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The signs of September are many: the herons back in the bog, Tom Wagner unloading big round hay bales into the barn, touch-up work on the dirt roads, yellow waves of thick, fluffy goldenrod and the purple dusting of asters, quieter nights and darker mornings (and better sleep).

The roadsides and fenced-in field edges are full of medicinal plants, as if the natural world is sending us a signal to stock up now while we can; we all know what’s coming. We have time, though, to sit in this season and enjoy it.

Most of the haying is done for the season. As properties change hands and expand we should consider the impacts of fewer fields and less mowing on our local farmers, some who are carrying on family businesses and traditions for nearly a century (or more). These farms make up our own micro economy and these long standing traditions and way of life are as important as new building opportunities or pollinator patches (in Waldo we are lucky to have great large uninterrupted wildlife tracks to support our critical pollinating friends right up through large predators). Ensuring these traditions continue means we all can go on enjoying the high quality of life we have in Waldo. It also shows respect for our neighbors and for our local history.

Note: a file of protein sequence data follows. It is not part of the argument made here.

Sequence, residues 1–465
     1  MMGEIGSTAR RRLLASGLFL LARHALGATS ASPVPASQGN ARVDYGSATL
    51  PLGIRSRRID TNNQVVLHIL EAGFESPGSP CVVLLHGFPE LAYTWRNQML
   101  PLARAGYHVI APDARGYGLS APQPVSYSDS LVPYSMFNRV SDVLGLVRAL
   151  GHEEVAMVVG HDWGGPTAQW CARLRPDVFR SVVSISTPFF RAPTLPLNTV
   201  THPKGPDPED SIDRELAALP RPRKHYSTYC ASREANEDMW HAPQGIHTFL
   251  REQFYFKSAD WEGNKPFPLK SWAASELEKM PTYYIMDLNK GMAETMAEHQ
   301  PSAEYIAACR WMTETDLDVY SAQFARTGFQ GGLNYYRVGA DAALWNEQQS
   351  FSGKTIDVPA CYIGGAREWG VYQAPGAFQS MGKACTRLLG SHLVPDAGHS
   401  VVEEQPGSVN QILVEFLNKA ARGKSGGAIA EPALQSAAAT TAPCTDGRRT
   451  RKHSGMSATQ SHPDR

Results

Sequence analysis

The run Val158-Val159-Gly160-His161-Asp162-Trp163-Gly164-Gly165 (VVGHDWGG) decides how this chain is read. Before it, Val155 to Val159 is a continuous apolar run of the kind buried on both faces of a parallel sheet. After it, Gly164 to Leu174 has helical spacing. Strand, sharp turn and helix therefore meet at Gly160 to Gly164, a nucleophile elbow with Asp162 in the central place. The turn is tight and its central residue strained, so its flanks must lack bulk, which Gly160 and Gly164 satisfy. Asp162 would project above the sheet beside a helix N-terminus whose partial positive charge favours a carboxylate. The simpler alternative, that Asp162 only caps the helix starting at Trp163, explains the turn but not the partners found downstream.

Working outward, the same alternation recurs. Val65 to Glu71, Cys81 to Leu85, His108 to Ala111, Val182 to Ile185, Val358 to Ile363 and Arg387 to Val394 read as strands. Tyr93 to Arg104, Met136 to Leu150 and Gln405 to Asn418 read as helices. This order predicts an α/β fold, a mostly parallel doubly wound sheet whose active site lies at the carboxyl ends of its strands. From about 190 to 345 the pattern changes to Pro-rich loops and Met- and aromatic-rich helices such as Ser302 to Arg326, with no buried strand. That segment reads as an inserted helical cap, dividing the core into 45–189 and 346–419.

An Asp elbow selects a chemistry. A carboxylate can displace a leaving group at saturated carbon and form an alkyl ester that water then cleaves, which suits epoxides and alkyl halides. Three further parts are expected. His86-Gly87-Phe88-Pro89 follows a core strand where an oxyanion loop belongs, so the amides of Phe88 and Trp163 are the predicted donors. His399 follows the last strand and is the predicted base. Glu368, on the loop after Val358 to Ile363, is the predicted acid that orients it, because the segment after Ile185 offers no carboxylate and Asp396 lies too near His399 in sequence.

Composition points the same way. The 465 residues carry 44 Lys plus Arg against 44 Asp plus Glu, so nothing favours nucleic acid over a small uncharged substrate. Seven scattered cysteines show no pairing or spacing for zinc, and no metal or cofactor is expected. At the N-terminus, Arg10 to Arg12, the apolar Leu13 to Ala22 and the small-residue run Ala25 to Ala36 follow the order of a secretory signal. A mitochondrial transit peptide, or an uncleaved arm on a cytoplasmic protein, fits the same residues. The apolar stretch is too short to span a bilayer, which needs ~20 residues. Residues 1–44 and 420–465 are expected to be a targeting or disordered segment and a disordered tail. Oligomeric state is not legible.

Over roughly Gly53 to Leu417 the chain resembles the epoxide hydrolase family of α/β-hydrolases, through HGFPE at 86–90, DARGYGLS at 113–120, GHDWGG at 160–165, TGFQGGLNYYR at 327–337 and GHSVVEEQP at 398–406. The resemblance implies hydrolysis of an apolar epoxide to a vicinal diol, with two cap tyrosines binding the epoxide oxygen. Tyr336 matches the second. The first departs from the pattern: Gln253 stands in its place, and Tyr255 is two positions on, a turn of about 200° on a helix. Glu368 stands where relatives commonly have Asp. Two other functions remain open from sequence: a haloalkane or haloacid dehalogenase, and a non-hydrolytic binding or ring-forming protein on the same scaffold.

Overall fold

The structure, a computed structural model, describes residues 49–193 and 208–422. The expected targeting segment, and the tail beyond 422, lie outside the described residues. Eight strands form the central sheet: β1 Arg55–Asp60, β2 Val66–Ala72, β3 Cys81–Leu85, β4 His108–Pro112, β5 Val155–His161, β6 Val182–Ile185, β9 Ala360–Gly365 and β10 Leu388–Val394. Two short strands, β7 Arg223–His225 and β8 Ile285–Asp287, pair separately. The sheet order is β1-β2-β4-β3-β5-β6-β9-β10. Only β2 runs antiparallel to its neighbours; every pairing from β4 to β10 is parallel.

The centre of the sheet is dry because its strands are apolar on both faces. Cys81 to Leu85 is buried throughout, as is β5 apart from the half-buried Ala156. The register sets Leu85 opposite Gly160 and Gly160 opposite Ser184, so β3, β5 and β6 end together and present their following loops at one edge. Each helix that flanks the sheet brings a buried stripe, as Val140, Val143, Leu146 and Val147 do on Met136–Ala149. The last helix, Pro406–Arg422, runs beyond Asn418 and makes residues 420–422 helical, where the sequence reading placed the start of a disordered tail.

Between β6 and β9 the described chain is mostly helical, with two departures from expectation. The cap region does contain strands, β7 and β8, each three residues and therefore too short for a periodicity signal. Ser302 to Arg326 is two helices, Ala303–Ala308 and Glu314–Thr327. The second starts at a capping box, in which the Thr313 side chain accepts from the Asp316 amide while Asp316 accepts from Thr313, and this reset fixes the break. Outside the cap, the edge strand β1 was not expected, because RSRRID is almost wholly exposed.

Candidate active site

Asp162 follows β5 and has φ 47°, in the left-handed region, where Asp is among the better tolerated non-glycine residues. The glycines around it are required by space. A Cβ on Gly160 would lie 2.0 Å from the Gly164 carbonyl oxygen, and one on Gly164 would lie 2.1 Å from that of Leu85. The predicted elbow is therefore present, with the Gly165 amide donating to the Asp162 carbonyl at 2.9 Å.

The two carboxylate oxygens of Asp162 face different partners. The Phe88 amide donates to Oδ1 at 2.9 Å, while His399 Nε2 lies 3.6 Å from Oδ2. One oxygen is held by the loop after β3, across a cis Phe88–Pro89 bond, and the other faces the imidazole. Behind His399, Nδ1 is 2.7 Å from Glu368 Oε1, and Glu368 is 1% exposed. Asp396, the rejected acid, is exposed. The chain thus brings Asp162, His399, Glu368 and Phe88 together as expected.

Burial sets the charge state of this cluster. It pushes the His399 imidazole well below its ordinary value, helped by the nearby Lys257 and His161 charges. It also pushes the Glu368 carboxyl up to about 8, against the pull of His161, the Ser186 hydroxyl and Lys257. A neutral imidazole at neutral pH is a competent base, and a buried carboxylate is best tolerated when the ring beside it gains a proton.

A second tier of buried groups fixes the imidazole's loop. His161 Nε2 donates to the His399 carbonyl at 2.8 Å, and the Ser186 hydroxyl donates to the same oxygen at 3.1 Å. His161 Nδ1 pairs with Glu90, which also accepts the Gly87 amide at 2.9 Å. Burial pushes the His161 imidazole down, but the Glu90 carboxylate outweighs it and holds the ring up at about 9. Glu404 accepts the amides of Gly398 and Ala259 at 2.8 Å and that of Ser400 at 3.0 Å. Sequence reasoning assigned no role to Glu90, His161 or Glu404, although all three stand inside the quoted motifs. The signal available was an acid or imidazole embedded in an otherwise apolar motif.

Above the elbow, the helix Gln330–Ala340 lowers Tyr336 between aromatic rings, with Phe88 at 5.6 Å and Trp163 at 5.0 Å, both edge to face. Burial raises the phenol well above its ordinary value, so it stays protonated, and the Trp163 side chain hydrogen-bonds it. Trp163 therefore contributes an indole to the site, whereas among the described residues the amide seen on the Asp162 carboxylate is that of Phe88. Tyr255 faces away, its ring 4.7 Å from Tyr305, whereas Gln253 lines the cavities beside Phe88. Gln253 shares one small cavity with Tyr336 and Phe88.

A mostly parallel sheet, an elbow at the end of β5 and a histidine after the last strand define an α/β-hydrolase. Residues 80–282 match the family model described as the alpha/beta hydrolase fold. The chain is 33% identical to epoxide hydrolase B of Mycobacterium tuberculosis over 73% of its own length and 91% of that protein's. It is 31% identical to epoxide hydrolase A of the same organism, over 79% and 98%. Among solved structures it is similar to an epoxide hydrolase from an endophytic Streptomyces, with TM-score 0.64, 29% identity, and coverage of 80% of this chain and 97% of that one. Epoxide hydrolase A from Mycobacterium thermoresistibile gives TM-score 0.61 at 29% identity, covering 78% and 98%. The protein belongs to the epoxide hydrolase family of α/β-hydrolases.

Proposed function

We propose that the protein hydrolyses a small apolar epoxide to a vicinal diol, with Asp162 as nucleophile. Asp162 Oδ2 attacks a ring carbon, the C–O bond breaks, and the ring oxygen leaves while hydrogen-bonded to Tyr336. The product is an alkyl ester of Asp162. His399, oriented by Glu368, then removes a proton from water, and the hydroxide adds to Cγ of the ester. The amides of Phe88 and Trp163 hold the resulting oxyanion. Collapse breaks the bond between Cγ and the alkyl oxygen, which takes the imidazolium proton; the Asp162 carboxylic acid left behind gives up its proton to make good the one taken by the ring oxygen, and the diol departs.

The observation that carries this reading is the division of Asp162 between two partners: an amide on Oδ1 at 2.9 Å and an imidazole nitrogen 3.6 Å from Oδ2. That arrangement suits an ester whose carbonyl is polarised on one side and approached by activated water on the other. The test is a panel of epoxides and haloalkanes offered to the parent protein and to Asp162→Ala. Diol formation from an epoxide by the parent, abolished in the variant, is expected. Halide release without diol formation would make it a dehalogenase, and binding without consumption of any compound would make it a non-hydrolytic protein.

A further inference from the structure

The critter activity seems to be ramping up in the garden and in the field (and not just Monty squirreling apples from the wild trees!). We’ve got a porcupine who’s being a pain. I’m curious if anyone has had any good activity on their local game cams? Let me know!

 

 

 

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